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Watson and Holmes move to a now-famous address, 221B Baker Street, where Watson is introduced to Holmes's eccentricities as well as his uncanny ability to deduce information about his fellow beings. Somewhat shaken by Holmes's egotism, Watson is nonetheless dazzled by his seemingly magical ability to provide detailed information about a man glimpsed once under the streetlamp across the road.
Then murder. Facing a deserted house, a twisted corpse with no wounds, a mysterious phrase drawn in blood on the wall, and the buffoons of Scotland Yard--Lestrade and Gregson--Holmes measures, observes, picks up a pinch of this and a pinch of that, and generally baffles his faithful Watson. Later, Holmes explains: "In solving a problem of this sort, the grand thing is to be able to reason backward.... There are few people who, if you told them a result, would be able to evolve from their own inner consciousness what the steps were which led up to that result." Holmes is in that elite group.
Conan Doyle quickly learned that it was Holmes's deductions that were of most interest to his readers. The lengthy flashback, while a convention of popular fiction, simply distracted from readers' real focus. It is when Holmes and Watson gather before the coal fire and Holmes sums up the deductions that led him to the successful apprehension of the criminal that we are most captivated. Subsequent Holmes stories--The Adventures of Sherlock Holmes, The Return of Sherlock Holmes, and The Memoirs of Sherlock Holmes--rightly plunge the twosome directly into the middle of a baffling crime, piling mystery upon mystery until Holmes's denouement once more leaves the dazzled Watson murmuring, "You are wonderful, Holmes!" Generations of readers agree. --Barbara Schlieper --This text refers to an out of print or unavailable edition of this title.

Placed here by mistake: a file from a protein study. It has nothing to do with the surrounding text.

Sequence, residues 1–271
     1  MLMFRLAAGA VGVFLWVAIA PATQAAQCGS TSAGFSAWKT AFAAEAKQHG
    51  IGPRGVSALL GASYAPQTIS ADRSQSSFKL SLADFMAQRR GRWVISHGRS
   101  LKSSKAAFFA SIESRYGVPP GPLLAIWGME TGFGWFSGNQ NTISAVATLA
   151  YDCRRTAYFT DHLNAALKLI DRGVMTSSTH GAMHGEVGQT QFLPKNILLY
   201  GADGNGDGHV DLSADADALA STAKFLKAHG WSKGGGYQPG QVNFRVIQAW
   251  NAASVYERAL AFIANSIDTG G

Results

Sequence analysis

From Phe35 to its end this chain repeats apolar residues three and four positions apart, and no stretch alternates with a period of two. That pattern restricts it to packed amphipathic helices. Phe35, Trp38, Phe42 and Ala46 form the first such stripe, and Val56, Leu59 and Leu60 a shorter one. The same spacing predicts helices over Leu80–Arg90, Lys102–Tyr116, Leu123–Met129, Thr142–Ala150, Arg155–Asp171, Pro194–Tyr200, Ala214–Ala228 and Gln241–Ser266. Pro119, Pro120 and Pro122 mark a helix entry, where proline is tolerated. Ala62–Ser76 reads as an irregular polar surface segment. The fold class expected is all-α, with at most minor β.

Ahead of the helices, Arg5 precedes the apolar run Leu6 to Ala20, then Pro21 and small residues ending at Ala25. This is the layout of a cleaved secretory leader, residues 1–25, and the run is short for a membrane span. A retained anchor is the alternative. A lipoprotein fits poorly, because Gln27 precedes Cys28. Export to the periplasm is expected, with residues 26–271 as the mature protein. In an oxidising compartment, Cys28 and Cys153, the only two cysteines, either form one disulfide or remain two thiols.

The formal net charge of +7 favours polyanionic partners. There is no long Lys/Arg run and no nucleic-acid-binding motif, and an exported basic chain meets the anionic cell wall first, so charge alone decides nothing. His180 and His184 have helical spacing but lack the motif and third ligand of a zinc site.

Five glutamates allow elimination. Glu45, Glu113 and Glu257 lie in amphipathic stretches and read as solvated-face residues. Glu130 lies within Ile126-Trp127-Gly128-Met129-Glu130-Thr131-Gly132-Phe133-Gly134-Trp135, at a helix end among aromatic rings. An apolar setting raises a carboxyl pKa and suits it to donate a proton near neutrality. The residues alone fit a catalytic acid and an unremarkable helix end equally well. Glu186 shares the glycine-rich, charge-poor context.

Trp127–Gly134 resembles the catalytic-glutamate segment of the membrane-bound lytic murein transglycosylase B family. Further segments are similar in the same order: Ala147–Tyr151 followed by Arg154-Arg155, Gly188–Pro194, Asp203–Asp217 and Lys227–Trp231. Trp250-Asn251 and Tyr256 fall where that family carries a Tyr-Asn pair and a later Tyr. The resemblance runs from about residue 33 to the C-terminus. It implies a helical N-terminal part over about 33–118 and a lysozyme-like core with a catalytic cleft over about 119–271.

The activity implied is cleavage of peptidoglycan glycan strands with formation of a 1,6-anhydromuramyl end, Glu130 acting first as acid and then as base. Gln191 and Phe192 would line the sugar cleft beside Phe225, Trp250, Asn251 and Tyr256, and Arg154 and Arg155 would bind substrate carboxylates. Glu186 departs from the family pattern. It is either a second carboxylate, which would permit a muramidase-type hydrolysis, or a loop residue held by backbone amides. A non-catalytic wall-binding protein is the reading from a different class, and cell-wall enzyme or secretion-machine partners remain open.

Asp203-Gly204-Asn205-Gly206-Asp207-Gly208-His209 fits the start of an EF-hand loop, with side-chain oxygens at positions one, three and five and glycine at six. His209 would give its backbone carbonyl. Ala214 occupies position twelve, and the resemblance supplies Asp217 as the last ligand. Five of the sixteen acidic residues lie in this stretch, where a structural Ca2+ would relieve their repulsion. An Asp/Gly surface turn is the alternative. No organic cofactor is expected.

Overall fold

Best book 10/10
Like Skyrim, but with Sherlock Holmes.
It's not clear from other reviews here whether or not we're all talking about the same edition of the book. Read morePublished 18 days ago by Neurasthenic
Surprised at how good this book was. The back story was very interesting as it took place among the Mormons in America.Published 23 days ago by Mary Jo Doebling
Sir Arthur Conan Doyle is a writer with books to his credit, A Study in Scarlet is one of his better ones.Published 25 days ago by BAARDA
My 13 year old likes it a lot. He said he liked other Sherlock Homes books better and that is why it didn't go 5 star.Published 26 days ago by C. Green